Dynasty Approaches

3 min read

Dynasty leagues provide a much deeper and robust fantasy experience than standard redraft leagues. Redrafts are great and have their place in my world, as I tend to join about 8 every year. They provide a chance to start fresh, dial in on just this year, and attempt to wreak havoc on those poor saps that thought they could outsmart you. But you can’t outsmart a unicorn, because they technically don’t exist in the fairy tale sense. With that, I lose with regularity. I still win enough to consider myself an advanced fantasy NBA GM, but nobody can’t win them all (well, maybe Starks can).

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you can’t outsmart a unicorn

So again, redrafts are great, but if you’re looking for something a little more involved, something with more angles and strategies, something a little closer to what real NBA GMs experience, you’re a prime candidate to try a dynasty league. If you already own a dynasty team, then you know this. Having to consider the current, as well as the future means applying different approaches, depending on your preferences.

The Win Now Approach (WNA)

Most fantasy experts tend to recommend this approach, and while I don’t want to discourage other approaches, this is almost always my method. With WNA, you treat this the same as a redraft league when you are building your squad. Get the best players and values based around your determined strategy, regardless of age. Your goal is to win now, and worry about the rest later.

lebron-james

Pros: You compete now, and when playing with other people, you never know if/when the league could dissolve, so get your chip now. You can really get good values on “boring” players, as other teams chase young upside.

Cons: Your team could be pretty boring, with all known quantities, nothing flashy or new, your team could be really bad in the future. Your old guys won’t carry the same value whenever you decide to trade to strengthen or rebuild your team.

The Trust the Process Approach (TPA)

Made famous by Sam Hinkie in his time slowly rebuilding the Sixers. It worked! It can work in your dynasty league too, but you will need patience, and trust that your league will continue for the long term. With the TPA, you forgo any illusion of competing now, drafting young players and rookies, trading for future draft picks, and generally valuing upside and potential over known production. Your goal it to suck now, but (Hopefully) stack your team for future seasons.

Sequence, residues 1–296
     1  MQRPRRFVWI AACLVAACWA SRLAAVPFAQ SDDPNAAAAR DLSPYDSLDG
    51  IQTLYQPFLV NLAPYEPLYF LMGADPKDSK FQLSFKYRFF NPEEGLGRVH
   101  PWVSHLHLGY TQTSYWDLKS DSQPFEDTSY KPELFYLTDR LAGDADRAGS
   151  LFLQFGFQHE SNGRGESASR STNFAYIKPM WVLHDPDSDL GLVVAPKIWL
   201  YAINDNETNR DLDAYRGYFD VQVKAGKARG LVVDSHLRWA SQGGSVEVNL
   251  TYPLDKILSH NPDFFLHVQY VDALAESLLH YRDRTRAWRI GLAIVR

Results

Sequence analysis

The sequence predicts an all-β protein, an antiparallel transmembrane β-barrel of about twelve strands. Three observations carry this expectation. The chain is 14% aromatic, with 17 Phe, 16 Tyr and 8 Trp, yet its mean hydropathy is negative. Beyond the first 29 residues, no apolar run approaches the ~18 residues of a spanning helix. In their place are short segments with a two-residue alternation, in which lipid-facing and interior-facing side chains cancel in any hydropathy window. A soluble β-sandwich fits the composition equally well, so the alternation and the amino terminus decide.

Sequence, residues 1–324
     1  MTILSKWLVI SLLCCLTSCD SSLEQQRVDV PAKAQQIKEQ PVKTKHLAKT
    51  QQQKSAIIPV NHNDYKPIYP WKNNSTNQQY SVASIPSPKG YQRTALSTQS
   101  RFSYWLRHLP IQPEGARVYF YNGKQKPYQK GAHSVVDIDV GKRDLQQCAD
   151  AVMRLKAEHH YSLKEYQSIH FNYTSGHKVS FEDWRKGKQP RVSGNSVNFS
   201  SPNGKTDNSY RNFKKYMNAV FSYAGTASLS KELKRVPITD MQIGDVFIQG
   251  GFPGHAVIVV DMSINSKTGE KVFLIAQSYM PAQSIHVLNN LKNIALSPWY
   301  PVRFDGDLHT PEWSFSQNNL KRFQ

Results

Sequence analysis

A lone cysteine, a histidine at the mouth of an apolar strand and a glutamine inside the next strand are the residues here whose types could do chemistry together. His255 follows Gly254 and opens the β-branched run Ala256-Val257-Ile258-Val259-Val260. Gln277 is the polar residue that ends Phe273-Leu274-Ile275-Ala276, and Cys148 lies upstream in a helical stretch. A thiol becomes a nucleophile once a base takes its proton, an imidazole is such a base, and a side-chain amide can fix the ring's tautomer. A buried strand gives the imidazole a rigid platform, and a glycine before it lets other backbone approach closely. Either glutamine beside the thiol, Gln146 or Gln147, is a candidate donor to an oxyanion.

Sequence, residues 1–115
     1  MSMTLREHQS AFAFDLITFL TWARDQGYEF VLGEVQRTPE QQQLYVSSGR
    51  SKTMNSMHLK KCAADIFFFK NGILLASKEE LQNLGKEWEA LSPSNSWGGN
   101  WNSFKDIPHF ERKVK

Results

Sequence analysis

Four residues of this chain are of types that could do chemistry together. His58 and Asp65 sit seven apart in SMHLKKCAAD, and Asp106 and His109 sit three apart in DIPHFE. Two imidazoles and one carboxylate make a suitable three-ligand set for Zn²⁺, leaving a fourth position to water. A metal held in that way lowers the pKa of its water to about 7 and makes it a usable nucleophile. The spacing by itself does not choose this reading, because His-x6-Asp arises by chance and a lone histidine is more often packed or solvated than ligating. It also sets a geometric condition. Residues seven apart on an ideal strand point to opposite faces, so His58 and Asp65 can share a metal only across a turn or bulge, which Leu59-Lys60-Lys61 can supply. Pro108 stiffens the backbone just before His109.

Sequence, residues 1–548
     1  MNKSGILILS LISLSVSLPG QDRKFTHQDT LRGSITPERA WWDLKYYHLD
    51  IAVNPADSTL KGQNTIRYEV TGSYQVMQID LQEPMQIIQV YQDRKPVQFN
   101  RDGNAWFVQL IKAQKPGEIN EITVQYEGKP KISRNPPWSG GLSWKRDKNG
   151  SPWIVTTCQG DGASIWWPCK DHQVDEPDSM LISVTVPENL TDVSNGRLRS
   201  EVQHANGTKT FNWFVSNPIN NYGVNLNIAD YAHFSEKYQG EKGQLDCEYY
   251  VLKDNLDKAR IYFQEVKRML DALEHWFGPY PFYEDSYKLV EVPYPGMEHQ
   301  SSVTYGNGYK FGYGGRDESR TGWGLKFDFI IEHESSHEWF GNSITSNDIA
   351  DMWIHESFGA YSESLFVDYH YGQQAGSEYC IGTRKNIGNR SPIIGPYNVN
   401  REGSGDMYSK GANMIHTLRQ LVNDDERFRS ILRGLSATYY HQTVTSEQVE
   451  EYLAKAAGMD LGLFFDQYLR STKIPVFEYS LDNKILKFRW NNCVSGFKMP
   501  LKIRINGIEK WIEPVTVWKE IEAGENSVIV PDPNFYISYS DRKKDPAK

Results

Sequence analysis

tatum

Pros: You get to roster “exciting” young players, imagining all of the great stuff they might so in the future. You carry players and assets that should increase in value.

Cons: Your team will perform poorly in the immediate future. If the league fades and disappears, you will never get to enjoy the fruits of your drafting. You can get addicted to chasing young upside, constantly churning assets and youth for even younger guys, staying in a perpetual upside treadmill. I’ve seen it happen.

The Hybrid Approach

If you are savvy enough and know your leaguemates well enough, you can and should attempt some level of hybrid. Having the best of both worlds with a win now focus, but a process feel. Targetting players that are centered in the Venn Diagram of young and already productive can give you the excitement of upside with the real shot at winning now. This is a more complex strategy that deserves its own post, but I figured we should at least mention it here.

Final Thought

There is a business strategy called the Blue Ocean. Basically, it involves finding value in Blue Waters, where nobody is competing, and avoiding the Red Waters, where everyone is tripping over themselves to get. This can be applied to Fantasy Basketball, and especially dynasty leagues. Being flexible enough in your approach to read the room and realize the strategies that most other teams are employing, and then quickly shifting your focus to the areas being neglected can pay huge dividends. Get your value where nobody is focusing, and let the rest of them fight over their scraps.

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